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I am having a tough time in understanding the precedence of the short circuit operators in Java. As per the short circuit behavior, the right part of the expression "true || true" shouldn't matter here because once the first part of the "&&" condition is evaluated as "false", the rest of the expression should have not been evaluated.

But, when executing the following piece of code, I see the result declared as "true". Could someone explain this to me?

    public class ExpressionTest{
        public static void main(String[] args) {
        boolean result1 = false && true || true;
        System.out.println(result1);
        }
    }
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2 Answers 2

up vote 4 down vote accepted

Check this tutorial on operators. The table clearly shows that && has higher precedence than ||.

So,

false && true || true;

is evaluated as:

(false && true) || true;

Rest I think you can evaluate on your own.

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Thanks for the reply! I now understand why the expression evaluated to "true". But, why makes the compiler choose the evaluation strategy as (false && true) || true. Instead, it could have just ignored the rest of the statement after seeing a "false" just before the "&&" operator? –  sunsin1985 Jul 28 '13 at 22:00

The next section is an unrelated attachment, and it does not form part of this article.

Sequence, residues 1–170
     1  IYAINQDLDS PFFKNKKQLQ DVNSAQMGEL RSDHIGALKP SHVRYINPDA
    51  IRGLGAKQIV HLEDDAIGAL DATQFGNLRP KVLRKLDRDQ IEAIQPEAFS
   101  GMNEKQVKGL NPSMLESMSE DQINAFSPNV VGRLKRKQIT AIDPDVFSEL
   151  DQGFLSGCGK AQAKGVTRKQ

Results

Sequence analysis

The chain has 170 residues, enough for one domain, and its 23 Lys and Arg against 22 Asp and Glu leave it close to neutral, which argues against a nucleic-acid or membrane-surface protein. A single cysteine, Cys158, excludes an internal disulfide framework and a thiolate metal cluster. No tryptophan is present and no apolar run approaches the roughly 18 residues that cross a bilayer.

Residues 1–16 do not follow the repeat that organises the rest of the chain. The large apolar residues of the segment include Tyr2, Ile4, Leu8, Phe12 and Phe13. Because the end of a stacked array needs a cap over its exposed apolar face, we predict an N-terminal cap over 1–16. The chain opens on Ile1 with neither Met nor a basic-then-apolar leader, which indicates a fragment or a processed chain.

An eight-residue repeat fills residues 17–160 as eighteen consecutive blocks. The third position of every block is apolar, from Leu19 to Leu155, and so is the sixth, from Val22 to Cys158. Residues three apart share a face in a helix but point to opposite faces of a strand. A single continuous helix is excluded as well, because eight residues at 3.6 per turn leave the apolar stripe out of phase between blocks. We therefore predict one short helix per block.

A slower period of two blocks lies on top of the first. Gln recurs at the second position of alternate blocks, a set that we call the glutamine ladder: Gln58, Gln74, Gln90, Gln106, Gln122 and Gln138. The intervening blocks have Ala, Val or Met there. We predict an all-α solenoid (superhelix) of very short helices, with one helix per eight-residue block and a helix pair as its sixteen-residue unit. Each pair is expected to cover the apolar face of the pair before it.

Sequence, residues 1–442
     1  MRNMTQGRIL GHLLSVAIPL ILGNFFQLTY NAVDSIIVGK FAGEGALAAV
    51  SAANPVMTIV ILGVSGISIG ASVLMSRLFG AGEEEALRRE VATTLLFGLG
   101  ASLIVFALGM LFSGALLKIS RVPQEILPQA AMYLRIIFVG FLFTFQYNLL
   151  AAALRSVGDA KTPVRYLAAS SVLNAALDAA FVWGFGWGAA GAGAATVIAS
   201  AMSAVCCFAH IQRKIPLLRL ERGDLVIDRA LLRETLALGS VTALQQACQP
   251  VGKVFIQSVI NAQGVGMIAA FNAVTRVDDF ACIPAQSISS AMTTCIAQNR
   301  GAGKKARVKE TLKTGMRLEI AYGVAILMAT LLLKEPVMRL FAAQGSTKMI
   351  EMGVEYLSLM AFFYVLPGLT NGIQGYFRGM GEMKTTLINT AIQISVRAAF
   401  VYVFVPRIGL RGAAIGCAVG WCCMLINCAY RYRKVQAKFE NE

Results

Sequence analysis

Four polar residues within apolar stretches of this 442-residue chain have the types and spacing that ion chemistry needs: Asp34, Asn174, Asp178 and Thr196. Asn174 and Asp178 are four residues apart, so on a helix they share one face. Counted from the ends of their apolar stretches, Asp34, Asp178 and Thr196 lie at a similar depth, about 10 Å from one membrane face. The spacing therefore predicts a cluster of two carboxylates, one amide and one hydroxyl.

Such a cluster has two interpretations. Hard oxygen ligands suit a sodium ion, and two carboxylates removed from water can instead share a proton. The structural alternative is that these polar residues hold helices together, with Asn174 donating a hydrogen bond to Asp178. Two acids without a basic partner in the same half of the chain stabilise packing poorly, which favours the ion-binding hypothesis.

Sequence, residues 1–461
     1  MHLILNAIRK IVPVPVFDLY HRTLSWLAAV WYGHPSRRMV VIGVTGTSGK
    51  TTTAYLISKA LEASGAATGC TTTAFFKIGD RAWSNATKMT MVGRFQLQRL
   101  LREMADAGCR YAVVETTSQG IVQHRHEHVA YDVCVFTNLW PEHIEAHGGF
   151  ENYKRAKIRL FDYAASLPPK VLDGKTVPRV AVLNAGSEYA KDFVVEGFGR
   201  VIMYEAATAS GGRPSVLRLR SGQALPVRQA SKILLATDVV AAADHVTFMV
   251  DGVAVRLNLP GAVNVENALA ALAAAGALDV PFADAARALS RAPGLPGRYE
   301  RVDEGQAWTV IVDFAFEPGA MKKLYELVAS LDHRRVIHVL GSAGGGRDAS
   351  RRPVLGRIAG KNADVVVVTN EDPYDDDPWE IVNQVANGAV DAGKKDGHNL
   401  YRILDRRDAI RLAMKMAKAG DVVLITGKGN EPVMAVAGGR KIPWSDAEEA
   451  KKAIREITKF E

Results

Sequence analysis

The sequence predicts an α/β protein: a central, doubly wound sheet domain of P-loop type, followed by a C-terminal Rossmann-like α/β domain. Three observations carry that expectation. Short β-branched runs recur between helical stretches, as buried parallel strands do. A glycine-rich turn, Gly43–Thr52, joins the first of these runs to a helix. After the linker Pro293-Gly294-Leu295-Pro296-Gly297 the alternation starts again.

@sunsin1985. Java evaluates expression left to right. That is so. –  Rohit Jain Jul 28 '13 at 22:01
    
Thanks! That explains it to me. –  sunsin1985 Jul 28 '13 at 22:05

From The JAVA turorial

Operators on the same line have equal precedence. When operators of equal precedence appear in the same expression, a rule must govern which is evaluated first. All binary operators except for the assignment operators are evaluated from left to right; assignment operators are evaluated right to left

Therefor, the compiler parse it as

boolean result1 = (false && true) || true;

Therefor, A || true return true regardless of A value.

To get the desirable expression do as follow:

boolean result1 = false && (true || true);
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Thanks for the reply! The Java Tutorial makes it clear for me now, the left to right evaluation is the key here. –  sunsin1985 Jul 28 '13 at 22:03

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